following was taken from the March 1945 issue of The
Intelligence Bulletin. This publication was
issued by the U.S. War Department to military
personnel with the intention of providing helpful
information concerning the enemy.
German infantrymen some of the tactics used by assault
guns, the Fifteenth German Army outlined the
advantages and disadvantages of these self-propelled
weapons so that the infantry could have a better
understanding of how to cooperate with them in the
to the question "What must the infantry know
about the assault guns?" the Germans offer these
assault guns are the strongest weapons against hostile
tanks. They engage all your most dangerous
enemies, and destroy them or force them to take cover.
Assault guns are strong when concentrated, but have no
effect when used in small numbers. They are
capable of forward fire only, since they have no
turrets; therefore they are sensitive to attack from
the flanks. This is why the guns must never be
employed by themselves, but always in conjunction with
infantry. These weapons may be considerably
restricted by marshy land, thick woods, and natural or
artificial obstacles; moreover, they constitute large
targets. They can see and hear little.
Even during a battle, the assault guns occasionally
must withdraw to cover, and obtain fresh supplies of
ammunition and fuel.
brings us to the question of how the infantry should
assist the assault guns. Infantrymen must draw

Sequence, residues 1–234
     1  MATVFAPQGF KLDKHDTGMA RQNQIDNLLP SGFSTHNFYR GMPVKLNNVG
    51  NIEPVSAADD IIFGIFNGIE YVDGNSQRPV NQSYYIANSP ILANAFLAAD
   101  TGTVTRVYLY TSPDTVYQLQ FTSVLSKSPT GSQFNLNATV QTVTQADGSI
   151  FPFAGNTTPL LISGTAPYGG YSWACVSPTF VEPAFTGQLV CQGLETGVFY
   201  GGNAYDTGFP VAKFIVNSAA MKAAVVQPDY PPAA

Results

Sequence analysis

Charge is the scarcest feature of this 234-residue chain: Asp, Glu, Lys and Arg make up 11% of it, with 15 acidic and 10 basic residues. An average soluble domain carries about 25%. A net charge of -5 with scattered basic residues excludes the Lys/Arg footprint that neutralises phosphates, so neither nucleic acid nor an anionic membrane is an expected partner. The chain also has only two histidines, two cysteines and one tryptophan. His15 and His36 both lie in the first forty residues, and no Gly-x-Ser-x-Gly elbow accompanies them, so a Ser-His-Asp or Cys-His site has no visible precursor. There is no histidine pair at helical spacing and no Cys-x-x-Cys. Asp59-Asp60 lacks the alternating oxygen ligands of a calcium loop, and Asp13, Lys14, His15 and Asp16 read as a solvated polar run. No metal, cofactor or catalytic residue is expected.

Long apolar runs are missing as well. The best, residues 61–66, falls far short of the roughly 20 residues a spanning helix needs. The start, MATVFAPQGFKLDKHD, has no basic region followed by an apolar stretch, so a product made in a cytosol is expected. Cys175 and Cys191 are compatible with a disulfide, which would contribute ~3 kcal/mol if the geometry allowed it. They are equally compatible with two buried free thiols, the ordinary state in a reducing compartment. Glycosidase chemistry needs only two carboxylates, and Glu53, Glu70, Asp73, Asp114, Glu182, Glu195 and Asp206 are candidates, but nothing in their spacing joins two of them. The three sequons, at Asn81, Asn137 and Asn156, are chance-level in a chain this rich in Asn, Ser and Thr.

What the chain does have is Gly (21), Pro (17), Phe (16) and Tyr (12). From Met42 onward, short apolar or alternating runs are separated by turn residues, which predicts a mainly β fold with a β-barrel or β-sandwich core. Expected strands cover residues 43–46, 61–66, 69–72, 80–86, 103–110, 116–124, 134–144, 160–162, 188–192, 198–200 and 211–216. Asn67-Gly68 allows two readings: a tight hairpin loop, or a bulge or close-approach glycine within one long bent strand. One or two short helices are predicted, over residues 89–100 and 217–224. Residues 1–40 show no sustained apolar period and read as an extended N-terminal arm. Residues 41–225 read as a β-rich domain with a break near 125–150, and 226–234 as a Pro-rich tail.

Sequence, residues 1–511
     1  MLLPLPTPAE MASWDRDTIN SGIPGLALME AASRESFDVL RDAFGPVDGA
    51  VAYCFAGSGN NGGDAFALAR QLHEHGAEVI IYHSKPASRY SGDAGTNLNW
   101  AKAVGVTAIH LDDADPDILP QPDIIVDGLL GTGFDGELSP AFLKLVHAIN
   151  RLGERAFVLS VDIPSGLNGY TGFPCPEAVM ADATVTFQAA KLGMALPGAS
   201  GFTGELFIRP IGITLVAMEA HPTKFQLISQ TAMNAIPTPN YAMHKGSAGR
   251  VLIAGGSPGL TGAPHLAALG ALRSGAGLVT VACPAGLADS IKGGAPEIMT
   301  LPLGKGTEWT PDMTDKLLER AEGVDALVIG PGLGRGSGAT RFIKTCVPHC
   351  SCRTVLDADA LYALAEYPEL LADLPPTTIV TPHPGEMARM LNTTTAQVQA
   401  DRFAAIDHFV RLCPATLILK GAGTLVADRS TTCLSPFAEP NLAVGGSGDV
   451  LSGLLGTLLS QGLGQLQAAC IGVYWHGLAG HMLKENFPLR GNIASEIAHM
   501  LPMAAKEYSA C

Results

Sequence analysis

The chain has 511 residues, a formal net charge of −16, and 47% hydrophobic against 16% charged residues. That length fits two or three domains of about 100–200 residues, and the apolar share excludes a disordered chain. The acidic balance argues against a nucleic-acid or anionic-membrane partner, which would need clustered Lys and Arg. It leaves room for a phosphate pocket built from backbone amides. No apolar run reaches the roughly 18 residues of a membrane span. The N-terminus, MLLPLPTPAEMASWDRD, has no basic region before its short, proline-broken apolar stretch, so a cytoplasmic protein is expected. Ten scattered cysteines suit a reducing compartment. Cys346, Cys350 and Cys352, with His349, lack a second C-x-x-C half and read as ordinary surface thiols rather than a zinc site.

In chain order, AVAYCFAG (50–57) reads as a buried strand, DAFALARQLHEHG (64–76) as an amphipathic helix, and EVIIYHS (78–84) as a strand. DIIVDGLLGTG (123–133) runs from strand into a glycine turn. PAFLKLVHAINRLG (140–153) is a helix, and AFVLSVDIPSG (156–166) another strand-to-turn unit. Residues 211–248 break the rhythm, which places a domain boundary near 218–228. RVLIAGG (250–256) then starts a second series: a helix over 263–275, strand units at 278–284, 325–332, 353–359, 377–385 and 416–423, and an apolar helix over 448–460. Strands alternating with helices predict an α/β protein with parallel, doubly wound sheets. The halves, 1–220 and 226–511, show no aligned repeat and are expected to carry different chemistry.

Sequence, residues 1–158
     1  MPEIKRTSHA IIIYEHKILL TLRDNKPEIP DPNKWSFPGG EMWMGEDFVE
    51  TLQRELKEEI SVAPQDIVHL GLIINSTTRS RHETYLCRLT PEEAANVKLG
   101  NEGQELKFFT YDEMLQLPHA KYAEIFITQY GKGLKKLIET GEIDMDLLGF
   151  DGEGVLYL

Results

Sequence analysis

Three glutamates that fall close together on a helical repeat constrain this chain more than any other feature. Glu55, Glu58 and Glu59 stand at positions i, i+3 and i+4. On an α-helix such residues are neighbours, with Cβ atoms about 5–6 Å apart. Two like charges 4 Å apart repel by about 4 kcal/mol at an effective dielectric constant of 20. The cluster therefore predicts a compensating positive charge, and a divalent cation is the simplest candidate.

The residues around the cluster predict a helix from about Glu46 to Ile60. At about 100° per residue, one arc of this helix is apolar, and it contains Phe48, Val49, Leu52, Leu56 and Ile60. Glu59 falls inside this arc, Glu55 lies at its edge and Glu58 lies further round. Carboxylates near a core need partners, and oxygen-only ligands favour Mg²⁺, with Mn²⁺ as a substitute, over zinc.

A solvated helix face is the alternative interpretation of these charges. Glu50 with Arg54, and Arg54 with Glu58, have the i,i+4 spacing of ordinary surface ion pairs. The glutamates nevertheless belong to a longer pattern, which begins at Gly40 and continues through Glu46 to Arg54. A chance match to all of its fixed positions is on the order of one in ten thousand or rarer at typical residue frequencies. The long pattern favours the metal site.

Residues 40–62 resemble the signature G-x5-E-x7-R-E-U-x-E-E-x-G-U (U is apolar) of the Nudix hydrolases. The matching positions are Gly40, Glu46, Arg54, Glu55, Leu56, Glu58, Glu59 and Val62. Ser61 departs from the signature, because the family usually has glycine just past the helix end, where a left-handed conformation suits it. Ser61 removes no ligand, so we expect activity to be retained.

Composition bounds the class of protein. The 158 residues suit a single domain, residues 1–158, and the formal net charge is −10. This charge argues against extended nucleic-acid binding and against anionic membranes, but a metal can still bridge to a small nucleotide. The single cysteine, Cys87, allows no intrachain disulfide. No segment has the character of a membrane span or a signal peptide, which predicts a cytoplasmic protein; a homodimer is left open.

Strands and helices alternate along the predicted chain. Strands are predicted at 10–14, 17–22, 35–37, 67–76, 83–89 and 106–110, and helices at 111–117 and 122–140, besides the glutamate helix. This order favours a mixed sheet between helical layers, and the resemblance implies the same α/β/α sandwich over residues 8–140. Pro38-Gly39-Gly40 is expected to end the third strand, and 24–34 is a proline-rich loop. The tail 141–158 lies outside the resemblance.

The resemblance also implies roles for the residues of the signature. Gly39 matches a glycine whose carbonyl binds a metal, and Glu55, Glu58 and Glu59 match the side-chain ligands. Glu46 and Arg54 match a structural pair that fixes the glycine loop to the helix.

the guns attention to hostile tanks and other targets
by means of the signal pistol, prearranged light and
flag signals, and shouting. The infantry must
neutralize hostile antitank guns.
of assault guns must be covered and protected by the
infantry against hostile tank-hunting detachments,
which are always ready to operate against our assault
guns. Such protection is especially necessary in
built-up areas and in terrain where visibility is
poor. The infantry must warn the assault guns of
the proximity of antitank obstacles and mines, and
must be prepared to guide the guns through such
infantry must take advantage of the guns' fire power
to advance in strength via prearranged lanes not under
fire. The assault guns must be given sufficient
time for reconnaissance. The guns and the
infantry will formulate plans through personal
consultation, and will ensure means of communication
should not stay too close to the guns, and should not
bunch. Instead, deployment is advised, to lessen
the danger of drawing hostile fire and to avoid injury
by ricochets. Since the driver of an assault gun
has limited vision, infantrymen must keep in mind the
danger of being run down, and must move accordingly.
guns are "sitting targets" when they have to
wait for the infantry; infantrymen can find cover
almost anywhere, but the assault guns cannot.
Since the guns fire at the halt, the infantry must
gain ground while the guns are firing. Although
the assault guns are of great assistance when ground
is being gained, it is the infantry that must hold
assault guns must keep their ammunition available for
unexpected or especially dangerous targets, the
infantry must engage all the targets that it can
possibly take on with its heavy and light weapons.
the assault guns must withdraw after every engagement,
to prepare for the next engagement where their
assistance will be required, the infantry will not withdraw.